Taisho period komon with shishi inside of sasa.
Komon literally means "small print". This term applies to any kimono with a print covering the entire surface of the kimono, with no particular direction or layout. The actual design can be any kind of pattern or weave -- "komon" is only an umbrella classification.
- Repeating all-over pattern.
- Stripes (horizontal or vertical).
- Larger patterns are for younger people.
- Made from linen, hemp, wool, synthetic and silk.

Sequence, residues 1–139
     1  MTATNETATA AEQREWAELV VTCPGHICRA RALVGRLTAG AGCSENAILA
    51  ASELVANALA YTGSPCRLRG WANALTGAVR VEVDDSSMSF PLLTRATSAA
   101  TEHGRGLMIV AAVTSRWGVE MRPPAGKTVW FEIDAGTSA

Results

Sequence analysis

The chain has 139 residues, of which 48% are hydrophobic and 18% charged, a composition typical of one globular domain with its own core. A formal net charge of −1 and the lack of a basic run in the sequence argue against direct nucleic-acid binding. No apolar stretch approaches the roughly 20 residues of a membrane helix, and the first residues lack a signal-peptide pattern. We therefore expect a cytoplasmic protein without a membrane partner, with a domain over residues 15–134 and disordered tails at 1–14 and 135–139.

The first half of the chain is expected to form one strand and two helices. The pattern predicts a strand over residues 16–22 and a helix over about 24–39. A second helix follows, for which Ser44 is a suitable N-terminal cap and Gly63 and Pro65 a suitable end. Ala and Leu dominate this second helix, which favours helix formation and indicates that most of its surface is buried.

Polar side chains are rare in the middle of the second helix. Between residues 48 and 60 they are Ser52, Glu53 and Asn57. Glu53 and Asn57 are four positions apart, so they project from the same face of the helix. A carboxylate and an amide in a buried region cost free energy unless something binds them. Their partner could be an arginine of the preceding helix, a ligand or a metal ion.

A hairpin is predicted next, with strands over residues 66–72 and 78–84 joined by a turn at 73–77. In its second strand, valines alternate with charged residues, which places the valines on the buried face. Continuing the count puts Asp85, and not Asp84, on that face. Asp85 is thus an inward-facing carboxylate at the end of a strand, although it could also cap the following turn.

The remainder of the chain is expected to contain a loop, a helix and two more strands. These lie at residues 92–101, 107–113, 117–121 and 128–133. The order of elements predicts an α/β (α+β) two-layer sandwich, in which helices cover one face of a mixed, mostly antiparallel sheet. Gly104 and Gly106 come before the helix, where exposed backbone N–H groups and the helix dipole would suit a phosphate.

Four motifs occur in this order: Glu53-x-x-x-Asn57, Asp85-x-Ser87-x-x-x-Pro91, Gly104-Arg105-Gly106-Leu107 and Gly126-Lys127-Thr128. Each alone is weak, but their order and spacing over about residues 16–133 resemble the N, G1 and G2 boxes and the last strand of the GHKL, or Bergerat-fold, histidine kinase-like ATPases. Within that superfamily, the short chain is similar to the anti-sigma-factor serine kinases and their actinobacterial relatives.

- Ranges from around the house casual (fudangi) to semi-formal.
- Edo Komon - A komon consisting of tiny dots that create a subtle design and look to be a solid colour from a distance. Edo Komon and are closer to iromuji in formality.
- Eba Komon - A komon where the design is "one direction" and always "right side up" along with the pattern being carefully matched over the seams to create a seamless look. Depending on the fabric type, Eba komon could be considered semi-formal due to the time and care placed in the construction. Often geometrics.
- Tsukesage Komon - A komon where the komon design motif is all facing the same direction (right side up). This means that the motif has to change orientation at the shoulder so that it remains upright on both sides of the body.